For both animals and humans alike, sleep is fundamental to life just as much as eating, drinking and breathing. It governs so many aspects of our existence, from our mood, weight and immunity to our concentration, relationships and mental health. Indeed, if we don’t have a good sleep routine or we are lacking in sleep, our daily lives can be negatively affected in numerous ways very quickly. Heading off to work on limited sleep means we feel exhausted all day and often lack the motivation to carry out our jobs effectively. Even if we’re simply having a day at home, a bad night’s sleep can mean we feel hungrier, more sluggish and more likely to indulge in a very long afternoon nap!
Whilst sleep is so vital for all of us, it’s even more important for women who are pregnant. In fact, scientists have discovered that a mother’s sleep patterns directly affect the development of her unborn child.
However, the sleep patterns, amount and quality of sleep a woman gets is likely to alter due to hormones and other biological changes that occur during this time. With this in mind, it’s important to put some effective measures in place early on to ensure decent, regular sleep is established right from the start.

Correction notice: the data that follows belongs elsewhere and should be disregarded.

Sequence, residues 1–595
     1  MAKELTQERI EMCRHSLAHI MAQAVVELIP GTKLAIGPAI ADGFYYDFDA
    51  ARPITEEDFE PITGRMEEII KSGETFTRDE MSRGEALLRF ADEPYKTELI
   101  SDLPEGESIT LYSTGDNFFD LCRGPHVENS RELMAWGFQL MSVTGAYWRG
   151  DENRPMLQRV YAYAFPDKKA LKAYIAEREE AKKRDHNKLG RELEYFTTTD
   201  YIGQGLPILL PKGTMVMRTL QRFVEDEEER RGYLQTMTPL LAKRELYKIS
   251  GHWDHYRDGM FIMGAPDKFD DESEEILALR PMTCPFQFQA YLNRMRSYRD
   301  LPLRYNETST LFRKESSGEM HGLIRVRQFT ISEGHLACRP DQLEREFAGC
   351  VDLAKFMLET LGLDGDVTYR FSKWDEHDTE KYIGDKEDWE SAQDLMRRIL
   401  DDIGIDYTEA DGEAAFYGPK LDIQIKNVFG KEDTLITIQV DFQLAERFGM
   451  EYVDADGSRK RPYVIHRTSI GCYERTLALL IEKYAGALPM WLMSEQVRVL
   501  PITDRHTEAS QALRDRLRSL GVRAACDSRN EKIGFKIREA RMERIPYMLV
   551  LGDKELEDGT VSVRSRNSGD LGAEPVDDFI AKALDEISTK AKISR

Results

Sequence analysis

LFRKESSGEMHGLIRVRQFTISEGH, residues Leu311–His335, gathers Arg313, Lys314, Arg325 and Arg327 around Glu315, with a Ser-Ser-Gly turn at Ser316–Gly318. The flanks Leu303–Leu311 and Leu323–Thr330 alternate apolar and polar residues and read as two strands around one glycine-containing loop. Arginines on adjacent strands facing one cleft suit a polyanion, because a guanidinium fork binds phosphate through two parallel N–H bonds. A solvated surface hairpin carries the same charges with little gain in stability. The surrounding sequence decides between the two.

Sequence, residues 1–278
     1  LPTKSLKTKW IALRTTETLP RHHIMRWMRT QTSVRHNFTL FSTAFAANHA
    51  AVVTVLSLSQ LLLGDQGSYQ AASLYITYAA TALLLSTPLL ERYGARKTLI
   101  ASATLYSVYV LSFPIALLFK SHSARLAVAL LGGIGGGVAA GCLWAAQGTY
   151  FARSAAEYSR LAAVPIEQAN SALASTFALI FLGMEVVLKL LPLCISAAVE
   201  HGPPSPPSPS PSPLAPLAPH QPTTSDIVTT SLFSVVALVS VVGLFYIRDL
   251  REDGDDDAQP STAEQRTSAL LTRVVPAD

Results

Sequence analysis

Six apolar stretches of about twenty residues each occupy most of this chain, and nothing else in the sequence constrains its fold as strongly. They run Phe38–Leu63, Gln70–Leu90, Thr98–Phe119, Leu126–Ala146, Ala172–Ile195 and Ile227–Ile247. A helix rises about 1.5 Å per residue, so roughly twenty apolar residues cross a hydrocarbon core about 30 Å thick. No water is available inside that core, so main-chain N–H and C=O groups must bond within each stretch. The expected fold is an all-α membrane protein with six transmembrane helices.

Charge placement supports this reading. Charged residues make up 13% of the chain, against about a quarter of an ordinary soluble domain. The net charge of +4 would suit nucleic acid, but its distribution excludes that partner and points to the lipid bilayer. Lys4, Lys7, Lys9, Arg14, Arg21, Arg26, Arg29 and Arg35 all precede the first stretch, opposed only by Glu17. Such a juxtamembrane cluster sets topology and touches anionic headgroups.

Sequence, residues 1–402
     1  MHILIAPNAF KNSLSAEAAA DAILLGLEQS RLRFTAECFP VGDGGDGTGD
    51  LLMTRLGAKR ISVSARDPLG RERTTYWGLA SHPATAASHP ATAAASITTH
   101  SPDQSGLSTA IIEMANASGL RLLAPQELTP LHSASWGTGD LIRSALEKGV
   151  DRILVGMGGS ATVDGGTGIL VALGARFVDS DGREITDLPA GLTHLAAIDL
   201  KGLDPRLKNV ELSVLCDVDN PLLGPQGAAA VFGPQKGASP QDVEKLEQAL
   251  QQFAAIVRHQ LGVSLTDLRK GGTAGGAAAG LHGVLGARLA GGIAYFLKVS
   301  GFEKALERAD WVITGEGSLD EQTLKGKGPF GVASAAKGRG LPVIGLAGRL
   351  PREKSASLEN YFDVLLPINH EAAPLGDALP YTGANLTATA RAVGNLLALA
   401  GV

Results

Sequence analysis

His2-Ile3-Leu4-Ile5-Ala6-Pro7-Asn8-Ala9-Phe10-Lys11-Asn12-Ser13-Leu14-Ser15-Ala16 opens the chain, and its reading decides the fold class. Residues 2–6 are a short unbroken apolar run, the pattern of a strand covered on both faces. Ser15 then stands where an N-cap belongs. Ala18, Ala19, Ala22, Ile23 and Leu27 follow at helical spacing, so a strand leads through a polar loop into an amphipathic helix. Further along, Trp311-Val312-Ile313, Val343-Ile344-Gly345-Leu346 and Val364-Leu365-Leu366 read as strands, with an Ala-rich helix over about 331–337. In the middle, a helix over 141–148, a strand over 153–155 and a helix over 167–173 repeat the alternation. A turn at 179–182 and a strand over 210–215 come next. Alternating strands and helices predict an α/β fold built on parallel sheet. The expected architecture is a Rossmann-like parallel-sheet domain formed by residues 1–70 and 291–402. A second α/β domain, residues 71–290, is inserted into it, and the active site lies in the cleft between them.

How much sleep do pregnant women need?
You may feel more (or less) tired depending on how many weeks along you are, as every pregnancy is different. However, when it comes to specific amounts of sleep, pregnant women need at least six to eight unbroken hours a night to avoid feeling tired the next day. According to recent research, women who have endured disrupted sleep throughout their pregnancy are up to five times less likely to experience a trouble-free birth.
The effect of an expectant mother’s sleep on her unborn baby cannot be underestimated. The most notable indicator of this is in the hormone progesterone, which is essential in maintaining the pregnancy. When a woman is pregnant, she secretes a large amount of progesterone during her hours of sleep, particularly in the first trimester. Although this is obviously a good thing, it can often have the side effect of a nagging sense of fatigue during the daytime.
What are the common sleep disturbances in pregnancy?
Unfortunately despite often feeling tired, pregnant women may well find their sleep suffers due to the onset of some of the common sleep disturbances explored below. Don’t forget, if you find you’re struggling with sleep and are particularly worried, it’s well worth speaking to your doctor for advice.